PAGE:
5 Things Strong Leaders Do
Life isn’t fair. If you think you will always have the same raises, bonuses and opportunities as your peers, prepare to be disappointed. That’s life. As a leader, you will sometimes have to make personal sacrifices for the good of your organization. That’s life. You’ll sometimes have to make tough decisions that people might not agree with or feel are fair. That’s life. At the end of the day, you sometimes have to be a tough leader to achieve results.
For example, a football coach has to win games. He might be the players’ favorite coach, he might draw a lot of fans to the stadium, and he might have an incredibly inspiring pregame speech. But if he’s finishing multiple seasons with more losses than wins, he’s not going to have a job. It might not be fair, but it’s life.
Now that doesn’t mean a leader needs to be mean to achieve results. Bill Walsh, former legendary head coach of the San Francisco 49ers, was nicknamed “The Genius” for winning three Super Bowls and creating what’s known as the West Coast offense. But Walsh wasn’t a hard-nosed coach who screamed at his team from the sidelines. He was soft-spoken yet confident, instilling lessons about football and life to his players. Although Walsh wasn’t overbearing, he still held his players to account, and they responded. Many of those players, including Tony Dungy, went on to coach their own teams, passing down Walsh’s lessons to another generation.
So what does it mean for a leader to be tough but fair? It means developing a balanced understanding between achieving results and building working relationships with your team. Implement these five tips to become the leader others are proud to follow.
1. Prepare to win.
New team members need to understand where they fit in the organization. Your job is not only to explain your work expectations, but also to find out how they expect to grow and what they need from you to achieve that growth.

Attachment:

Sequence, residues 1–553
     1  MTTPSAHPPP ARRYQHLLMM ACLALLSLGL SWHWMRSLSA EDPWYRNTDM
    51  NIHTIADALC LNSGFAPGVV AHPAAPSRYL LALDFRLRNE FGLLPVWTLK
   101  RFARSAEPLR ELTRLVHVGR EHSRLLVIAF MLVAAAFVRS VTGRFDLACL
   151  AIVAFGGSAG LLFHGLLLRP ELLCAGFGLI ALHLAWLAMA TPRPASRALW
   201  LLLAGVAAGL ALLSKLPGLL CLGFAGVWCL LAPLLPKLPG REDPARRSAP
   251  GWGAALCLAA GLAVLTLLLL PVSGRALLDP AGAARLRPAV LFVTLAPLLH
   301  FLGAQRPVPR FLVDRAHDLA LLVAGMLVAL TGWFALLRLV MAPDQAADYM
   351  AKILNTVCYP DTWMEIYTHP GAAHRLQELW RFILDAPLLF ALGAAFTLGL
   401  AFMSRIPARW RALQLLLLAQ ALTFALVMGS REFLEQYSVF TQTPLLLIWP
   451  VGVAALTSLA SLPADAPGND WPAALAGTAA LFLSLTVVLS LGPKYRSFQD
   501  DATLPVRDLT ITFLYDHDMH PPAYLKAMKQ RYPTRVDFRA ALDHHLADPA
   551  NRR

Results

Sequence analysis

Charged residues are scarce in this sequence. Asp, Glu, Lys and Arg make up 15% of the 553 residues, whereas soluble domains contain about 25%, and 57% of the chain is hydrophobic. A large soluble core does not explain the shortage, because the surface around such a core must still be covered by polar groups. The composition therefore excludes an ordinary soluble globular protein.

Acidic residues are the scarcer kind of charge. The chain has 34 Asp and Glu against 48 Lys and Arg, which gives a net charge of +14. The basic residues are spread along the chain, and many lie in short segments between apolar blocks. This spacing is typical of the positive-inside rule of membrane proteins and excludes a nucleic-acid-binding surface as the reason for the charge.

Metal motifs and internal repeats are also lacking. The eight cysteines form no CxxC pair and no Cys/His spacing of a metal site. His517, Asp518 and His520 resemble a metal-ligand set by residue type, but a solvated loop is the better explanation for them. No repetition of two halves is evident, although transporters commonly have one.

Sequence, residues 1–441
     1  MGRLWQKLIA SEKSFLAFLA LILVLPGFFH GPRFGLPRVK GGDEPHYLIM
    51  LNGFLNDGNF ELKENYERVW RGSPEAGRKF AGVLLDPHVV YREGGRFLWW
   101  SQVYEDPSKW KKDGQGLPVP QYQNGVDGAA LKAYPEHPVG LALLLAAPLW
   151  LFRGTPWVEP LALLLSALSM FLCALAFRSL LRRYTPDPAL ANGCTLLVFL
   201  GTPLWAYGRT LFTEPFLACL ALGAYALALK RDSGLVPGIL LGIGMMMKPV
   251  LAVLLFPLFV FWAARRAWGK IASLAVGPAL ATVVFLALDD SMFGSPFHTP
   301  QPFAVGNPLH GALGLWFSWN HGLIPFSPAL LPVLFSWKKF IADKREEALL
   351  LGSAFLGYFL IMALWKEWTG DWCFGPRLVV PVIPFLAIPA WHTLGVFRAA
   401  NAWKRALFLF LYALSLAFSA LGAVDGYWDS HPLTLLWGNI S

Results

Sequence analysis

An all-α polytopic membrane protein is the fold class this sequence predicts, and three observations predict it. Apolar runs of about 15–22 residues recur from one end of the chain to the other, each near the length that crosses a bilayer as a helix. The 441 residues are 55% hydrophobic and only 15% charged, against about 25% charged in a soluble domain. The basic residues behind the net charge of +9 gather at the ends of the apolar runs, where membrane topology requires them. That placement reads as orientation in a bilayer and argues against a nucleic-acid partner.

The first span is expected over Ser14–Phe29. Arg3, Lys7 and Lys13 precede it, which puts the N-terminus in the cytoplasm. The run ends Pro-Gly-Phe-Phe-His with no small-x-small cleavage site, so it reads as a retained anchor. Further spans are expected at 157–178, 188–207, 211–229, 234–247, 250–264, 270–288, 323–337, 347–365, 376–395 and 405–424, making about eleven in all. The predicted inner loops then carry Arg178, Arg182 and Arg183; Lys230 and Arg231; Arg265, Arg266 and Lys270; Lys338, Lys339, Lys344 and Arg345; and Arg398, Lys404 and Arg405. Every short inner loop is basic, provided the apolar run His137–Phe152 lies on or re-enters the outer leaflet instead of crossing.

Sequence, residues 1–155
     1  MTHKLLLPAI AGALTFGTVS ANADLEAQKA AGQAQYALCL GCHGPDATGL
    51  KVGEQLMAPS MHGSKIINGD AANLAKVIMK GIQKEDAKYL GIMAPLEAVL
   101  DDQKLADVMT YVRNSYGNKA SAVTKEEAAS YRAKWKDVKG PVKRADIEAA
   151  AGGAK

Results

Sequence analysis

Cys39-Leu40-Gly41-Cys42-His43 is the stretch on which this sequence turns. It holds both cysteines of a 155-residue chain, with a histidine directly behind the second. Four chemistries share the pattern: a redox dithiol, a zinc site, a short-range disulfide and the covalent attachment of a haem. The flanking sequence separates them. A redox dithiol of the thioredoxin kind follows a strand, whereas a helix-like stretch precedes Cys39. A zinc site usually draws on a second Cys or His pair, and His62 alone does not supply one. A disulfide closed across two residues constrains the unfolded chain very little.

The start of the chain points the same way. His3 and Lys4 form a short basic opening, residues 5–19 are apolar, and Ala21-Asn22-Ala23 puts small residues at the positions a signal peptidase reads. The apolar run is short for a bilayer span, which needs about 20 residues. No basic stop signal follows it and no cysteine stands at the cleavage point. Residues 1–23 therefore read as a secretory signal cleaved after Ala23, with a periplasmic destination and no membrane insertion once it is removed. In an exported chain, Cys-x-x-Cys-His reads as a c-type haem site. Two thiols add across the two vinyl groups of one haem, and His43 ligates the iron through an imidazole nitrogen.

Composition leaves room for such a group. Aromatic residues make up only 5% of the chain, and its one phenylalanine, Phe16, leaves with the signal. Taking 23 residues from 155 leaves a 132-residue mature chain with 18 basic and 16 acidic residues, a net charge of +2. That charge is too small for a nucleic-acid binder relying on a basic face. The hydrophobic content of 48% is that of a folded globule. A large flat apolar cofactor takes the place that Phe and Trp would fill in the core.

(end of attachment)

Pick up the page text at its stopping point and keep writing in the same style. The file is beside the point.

A critical component of a tough but fair leader is doing what’s right even when it’s hard, even when it could cost you financially. But a great leader knows focusing on short-term gains can result in long-term costs. A team will stand behind a leader who is willing to do the right thing even when it isn’t easy. Back up your words with your actions. Live out your mission and values every day.
Your team will back you when they feel you’re in their corner, helping them fight for every win.
Once you’ve established your mission and communicated your goals, don’t hesitate to expect results from your team. Enthusiastically set tough goals with a team mentality. Your team will back you when they feel you’re in their corner, helping them fight for every win.
2. Correct mistakes immediately.
Never let problems go unaddressed. If an employee is consistently falling short of his or her goals, schedule a meeting right now. Don’t wait because you’re afraid of confrontation or you think the problem will work itself out. A tough leader is assertive. Tough leaders don’t let things happen, they make things happen.
Show your team that their problems are your problems. When they fail, you fail. Work beside them to uncover difficult areas and work together to learn from those mistakes. Nobody wants a leader who talks down to them, constantly pointing out mistakes without offering tips for improvement.